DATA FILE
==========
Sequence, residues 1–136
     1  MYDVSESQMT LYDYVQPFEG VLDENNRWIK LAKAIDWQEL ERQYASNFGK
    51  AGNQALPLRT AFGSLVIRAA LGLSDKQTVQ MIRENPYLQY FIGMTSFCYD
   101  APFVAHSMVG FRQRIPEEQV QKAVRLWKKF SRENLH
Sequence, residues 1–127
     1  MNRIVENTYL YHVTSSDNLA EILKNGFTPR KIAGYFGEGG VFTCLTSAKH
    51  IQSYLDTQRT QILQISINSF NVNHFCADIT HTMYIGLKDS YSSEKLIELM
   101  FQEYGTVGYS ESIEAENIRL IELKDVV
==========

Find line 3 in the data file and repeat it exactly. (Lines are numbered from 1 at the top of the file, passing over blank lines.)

    51  AGNQALPLRT AFGSLVIRAA LGLSDKQTVQ MIRENPYLQY FIGMTSFCYD